Native Plant Buffers Expanding on Lake George

November 3, 2014
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Over the past year an additional 1,000 feet of shoreline around the Lake George basin was outfitted with native plant buffers, which help naturally filter pollutants in storm water runoff before it flows into the lake.

A grant from the Lake Champlain Basin Program helped pay for 20 projects as part of the Buffer Lake George Project. Lake George is part of the Lake Champlain watershed.

The Fund for Lake George won the grant in 2012 and partners with local plant nurseries and volunteers as well as the landowners who apply for grant funding to plant the buffers. Funding is still available, and landowners with tributary or lakeside properties can find an application at

To qualify, landowners must meet criteria, like show visible areas of erosion on the shoreline or an area where there is algae growth indicating nutrients getting into the lake. It’s also favorable if landowners with adjacent property want to work together to plant a continuous buffer.

It was a habitat enhancement grant, and it was a grant to demonstrate the benefits of reestablishing native vegetation buffers along the shoreline in hopes of improving water quality by slowing down runoff and allowing it to infiltrate the ground, removing sediment and stabilizing the shoreline with rooted vegetation to prevent erosion, too,” said Lake George Waterkeeper Chris Navitsky.

In 2011, the fund earned an Environmental Quality Award from the United States Environmental Protection Agency for its publication, “Do-It-Yourself Water Quality: A Landowner’s Guide to Property Management that Protects Lake George.”

This is taking what is in the book and putting it into the field in real life,” Navitsky said. “We also work with the property owners so they can see how the installation of plants will decrease runoff and we show how that will happen.”

Native buffers were planted all around in Cleverdale, Assembly Point, Hague and more, as they work with water quality awareness committees in these communities.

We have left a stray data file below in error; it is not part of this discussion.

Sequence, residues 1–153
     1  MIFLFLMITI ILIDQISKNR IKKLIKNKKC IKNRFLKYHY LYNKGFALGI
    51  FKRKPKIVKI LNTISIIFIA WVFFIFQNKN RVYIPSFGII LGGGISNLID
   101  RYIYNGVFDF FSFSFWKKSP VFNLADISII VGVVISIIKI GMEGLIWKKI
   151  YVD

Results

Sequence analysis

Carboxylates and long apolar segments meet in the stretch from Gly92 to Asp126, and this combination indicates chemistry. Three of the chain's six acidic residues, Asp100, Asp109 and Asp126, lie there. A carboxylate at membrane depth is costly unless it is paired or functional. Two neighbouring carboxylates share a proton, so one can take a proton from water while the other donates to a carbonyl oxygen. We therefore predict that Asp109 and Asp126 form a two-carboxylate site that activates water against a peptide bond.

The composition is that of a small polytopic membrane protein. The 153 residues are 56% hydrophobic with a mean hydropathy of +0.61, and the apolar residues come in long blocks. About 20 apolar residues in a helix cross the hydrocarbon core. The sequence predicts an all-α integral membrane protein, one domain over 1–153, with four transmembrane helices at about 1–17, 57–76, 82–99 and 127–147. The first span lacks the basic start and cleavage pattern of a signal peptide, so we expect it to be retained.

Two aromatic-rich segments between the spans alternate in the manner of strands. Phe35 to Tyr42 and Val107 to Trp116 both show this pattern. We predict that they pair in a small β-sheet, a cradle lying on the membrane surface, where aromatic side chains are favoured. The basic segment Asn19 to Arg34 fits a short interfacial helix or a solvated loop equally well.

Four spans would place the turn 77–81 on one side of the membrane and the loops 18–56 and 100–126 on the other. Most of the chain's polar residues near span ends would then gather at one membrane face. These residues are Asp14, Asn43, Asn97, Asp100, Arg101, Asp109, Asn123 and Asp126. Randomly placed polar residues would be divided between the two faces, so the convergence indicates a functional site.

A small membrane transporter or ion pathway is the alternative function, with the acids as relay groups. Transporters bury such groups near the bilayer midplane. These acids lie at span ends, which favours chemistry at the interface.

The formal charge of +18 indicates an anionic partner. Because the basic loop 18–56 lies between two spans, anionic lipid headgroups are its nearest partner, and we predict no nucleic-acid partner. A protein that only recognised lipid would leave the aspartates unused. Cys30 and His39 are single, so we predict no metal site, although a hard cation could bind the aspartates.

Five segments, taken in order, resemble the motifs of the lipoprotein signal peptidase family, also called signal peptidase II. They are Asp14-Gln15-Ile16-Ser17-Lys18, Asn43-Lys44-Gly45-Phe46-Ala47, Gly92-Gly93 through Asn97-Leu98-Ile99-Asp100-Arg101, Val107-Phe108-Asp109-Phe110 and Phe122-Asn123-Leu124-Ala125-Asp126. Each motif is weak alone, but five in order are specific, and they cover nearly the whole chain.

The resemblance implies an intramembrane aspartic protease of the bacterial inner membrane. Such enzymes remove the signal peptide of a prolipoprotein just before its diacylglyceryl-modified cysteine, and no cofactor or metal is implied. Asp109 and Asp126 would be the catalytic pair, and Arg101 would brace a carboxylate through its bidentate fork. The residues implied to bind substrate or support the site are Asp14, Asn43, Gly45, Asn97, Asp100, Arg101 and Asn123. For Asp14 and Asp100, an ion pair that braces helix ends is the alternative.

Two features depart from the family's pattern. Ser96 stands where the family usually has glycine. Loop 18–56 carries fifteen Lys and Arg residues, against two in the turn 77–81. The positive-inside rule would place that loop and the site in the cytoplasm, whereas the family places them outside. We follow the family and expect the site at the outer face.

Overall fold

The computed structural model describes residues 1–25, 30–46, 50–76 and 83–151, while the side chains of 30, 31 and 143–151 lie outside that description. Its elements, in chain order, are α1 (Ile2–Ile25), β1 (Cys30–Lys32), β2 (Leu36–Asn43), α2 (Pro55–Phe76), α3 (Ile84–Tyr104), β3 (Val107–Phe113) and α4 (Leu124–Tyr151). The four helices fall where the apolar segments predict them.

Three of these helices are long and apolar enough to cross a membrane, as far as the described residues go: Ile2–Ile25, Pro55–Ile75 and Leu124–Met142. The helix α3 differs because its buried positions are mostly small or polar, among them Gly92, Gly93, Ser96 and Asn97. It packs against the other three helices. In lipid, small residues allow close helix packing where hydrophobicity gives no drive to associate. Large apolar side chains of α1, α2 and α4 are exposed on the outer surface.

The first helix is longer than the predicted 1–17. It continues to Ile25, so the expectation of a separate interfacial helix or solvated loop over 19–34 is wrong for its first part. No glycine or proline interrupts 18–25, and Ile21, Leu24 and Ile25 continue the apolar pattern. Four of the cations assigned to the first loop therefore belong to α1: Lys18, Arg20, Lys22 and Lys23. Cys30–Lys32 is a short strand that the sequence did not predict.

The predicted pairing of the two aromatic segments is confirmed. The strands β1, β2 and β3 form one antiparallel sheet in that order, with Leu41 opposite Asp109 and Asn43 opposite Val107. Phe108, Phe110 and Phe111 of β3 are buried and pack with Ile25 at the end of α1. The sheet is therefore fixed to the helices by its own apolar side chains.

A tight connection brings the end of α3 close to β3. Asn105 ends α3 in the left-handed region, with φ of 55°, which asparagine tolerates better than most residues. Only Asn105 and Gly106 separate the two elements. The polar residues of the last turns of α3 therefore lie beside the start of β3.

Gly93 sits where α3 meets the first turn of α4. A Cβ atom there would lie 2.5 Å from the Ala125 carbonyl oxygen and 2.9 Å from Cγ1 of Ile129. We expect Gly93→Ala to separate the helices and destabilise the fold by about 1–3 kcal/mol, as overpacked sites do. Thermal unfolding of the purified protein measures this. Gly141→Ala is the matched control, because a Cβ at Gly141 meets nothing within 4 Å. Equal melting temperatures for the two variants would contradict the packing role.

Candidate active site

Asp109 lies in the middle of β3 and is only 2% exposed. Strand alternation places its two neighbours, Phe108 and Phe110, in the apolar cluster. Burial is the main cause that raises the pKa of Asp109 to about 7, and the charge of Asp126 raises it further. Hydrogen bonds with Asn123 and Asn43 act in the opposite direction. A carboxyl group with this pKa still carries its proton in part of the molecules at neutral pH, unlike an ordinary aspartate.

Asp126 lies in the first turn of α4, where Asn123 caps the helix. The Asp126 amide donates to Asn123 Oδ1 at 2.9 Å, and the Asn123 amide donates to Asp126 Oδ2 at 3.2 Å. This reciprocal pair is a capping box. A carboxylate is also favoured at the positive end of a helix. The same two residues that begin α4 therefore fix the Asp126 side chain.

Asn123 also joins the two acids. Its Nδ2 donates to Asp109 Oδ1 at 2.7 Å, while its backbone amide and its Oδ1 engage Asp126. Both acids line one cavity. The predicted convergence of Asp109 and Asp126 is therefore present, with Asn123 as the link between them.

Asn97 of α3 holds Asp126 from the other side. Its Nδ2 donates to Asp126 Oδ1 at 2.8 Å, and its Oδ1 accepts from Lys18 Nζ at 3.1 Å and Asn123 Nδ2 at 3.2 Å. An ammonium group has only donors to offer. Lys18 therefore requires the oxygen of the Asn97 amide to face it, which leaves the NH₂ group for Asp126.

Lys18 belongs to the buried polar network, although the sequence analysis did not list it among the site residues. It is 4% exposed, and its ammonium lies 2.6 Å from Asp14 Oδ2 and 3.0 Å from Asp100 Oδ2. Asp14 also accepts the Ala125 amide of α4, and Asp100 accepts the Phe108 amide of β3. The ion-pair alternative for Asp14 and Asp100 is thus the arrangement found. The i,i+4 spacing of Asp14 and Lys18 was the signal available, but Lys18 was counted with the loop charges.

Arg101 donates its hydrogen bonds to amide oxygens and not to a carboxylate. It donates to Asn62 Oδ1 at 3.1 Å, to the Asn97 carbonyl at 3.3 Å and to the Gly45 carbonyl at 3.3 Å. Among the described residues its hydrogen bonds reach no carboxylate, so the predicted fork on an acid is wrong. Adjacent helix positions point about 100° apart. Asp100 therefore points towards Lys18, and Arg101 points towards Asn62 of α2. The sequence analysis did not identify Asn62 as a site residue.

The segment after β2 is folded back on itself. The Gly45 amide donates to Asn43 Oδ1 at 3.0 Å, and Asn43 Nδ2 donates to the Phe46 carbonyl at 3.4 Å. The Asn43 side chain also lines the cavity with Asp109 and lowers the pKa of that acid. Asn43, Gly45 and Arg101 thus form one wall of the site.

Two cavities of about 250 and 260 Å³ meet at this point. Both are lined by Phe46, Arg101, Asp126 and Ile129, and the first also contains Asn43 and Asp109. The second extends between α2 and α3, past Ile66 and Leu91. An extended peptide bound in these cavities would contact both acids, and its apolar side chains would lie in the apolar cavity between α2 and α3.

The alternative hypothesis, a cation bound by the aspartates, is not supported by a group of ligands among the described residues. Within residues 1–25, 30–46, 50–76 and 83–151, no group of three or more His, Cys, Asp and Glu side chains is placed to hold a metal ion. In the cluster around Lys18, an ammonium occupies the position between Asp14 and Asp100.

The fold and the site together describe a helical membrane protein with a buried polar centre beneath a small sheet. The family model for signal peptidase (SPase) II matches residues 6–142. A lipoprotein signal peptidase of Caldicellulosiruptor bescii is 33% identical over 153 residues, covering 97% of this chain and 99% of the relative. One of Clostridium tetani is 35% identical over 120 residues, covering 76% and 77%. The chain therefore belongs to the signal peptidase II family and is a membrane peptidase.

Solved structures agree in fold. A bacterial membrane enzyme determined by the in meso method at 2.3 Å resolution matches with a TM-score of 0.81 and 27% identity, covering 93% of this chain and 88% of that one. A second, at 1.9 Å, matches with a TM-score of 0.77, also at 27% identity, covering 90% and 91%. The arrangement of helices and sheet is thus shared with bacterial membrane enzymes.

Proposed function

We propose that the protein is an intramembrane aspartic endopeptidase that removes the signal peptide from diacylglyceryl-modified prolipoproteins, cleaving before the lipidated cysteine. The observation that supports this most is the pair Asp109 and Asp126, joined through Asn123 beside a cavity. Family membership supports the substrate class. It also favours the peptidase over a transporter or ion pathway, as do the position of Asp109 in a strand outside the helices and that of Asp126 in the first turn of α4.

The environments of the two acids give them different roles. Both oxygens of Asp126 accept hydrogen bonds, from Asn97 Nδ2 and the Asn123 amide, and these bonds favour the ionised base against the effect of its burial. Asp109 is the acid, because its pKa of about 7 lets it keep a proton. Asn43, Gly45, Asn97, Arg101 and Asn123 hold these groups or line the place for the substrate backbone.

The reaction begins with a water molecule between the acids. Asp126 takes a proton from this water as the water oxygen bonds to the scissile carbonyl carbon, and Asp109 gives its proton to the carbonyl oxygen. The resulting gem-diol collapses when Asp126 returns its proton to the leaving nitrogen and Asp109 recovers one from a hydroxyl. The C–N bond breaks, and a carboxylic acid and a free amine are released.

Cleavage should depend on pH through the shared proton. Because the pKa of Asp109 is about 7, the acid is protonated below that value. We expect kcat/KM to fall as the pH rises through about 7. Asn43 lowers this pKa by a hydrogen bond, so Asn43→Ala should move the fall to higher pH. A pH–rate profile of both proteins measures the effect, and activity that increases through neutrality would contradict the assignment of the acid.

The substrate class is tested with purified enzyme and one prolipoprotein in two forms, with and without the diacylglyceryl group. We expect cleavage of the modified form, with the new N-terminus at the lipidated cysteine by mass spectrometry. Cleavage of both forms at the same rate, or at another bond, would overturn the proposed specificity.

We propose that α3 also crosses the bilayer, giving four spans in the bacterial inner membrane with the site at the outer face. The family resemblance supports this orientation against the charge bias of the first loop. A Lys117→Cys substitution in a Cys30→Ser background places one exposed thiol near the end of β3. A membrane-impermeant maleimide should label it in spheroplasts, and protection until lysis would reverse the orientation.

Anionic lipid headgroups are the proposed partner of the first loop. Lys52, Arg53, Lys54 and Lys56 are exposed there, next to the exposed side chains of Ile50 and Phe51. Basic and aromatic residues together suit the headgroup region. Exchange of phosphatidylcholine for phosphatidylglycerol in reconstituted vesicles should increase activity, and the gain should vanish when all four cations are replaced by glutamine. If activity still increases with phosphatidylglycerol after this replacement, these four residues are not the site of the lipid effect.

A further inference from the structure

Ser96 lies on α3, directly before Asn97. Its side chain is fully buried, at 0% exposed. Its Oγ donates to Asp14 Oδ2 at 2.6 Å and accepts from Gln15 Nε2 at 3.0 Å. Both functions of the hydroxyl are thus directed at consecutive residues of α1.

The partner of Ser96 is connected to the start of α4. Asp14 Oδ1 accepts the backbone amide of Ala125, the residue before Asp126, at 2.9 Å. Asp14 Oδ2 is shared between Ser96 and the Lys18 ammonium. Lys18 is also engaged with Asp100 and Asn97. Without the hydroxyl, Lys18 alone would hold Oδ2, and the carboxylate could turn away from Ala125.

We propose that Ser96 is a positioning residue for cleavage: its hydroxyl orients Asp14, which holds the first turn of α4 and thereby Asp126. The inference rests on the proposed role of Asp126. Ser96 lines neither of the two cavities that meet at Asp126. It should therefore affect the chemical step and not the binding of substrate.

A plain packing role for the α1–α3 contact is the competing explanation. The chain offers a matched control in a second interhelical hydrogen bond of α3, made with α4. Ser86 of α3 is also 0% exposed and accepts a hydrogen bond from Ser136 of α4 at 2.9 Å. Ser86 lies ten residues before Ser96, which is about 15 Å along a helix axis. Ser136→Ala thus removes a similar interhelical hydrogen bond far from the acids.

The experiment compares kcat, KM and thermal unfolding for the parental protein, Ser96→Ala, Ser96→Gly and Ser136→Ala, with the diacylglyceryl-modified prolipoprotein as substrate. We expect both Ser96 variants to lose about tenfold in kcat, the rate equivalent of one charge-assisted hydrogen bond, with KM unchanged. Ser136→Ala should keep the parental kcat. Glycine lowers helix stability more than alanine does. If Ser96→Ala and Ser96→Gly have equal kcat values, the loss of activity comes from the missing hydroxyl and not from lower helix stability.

It’s not just one particular location,” Navitsky said.

The plants help filter runoff, but they also are aesthetically pleasing and wildlife also welcome them providing a smooth transition between land and water, he said.

The types of plants will encourage some birds to come in and feast there and have berries, or you have perennials that encourage pollinators” he said.

A more natural shoreline also can help deter Canada geese and other nuisance waterfowl. Otherwise green grass directly off the lake is inviting for them.
The Lake George Association in September partnered with the Norowal Cabin Owners’ Association to install a native plant buffer along a section of the its shoreline.

We were very excited to partner with the homeowner’s association on this project. Complaints about Canada geese are nothing new around the lake. In fact, earlier this summer we partnered with USDA/APHIS Wildlife Services to begin a Canada goose survey of the Lake as a first step in developing a management plan,” said Emily DeBolt, LGA’s Outreach Coordinator in a news release. “We can’t really blame the geese. I know it isn’t what people want to hear, but we have created an ideal scenario for them and they are just obliging.”

Navitsky said the program provided funding for the purchase of the plants, and the site plan for where the plants should be installed for maximum benefit. The homeowners then agree to either work with volunteers, plant the vegetation themselves or hire a contractor as “a kind of in-kind match the homeowner would provide for this project,” Navitsky said.

The grant provides up to $700 for each project, and the landowner must agree to put signage up by the buffer. He said the nurseries work with them, offering plants at wholesale prices on a good selection of native plants.

Navitsky said the grant totaled about $10,000, and there is about $1,000 remaining. The Fund also puts some of its own money toward the program.

We’ve got several properties left that we can cover with the grant. Then we’ll move into transition into our own program,” Navitsky said.

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